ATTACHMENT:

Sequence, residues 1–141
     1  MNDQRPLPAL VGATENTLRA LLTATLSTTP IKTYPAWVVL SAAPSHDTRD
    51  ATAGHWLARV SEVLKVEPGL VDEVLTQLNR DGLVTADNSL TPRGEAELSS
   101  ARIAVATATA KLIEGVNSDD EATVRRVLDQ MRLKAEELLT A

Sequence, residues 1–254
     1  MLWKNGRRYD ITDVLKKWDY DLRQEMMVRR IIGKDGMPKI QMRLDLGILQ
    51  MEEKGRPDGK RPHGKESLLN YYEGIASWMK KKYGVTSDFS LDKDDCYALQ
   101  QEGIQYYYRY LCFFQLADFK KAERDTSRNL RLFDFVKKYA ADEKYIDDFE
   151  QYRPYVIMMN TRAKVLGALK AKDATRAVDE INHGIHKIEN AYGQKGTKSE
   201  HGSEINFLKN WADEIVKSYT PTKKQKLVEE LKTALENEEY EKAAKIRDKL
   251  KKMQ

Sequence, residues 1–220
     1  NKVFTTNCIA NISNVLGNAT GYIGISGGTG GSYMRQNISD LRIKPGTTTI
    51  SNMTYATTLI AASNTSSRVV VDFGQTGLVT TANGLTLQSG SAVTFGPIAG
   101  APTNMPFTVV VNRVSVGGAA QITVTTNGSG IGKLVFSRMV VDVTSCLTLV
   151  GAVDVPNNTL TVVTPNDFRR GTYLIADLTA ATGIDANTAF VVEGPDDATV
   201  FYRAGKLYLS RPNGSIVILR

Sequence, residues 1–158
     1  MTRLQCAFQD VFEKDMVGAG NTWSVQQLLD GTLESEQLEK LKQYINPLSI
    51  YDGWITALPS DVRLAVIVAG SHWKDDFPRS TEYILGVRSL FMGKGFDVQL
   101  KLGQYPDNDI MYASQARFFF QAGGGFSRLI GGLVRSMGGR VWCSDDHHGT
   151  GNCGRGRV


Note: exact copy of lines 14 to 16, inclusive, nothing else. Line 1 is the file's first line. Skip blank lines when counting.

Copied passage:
    51  SNMTYATTLI AASNTSSRVV VDFGQTGLVT TANGLTLQSG SAVTFGPIAG
   101  APTNMPFTVV VNRVSVGGAA QITVTTNGSG IGKLVFSRMV VDVTSCLTLV
   151  GAVDVPNNTL TVVTPNDFRR GTYLIADLTA ATGIDANTAF VVEGPDDATV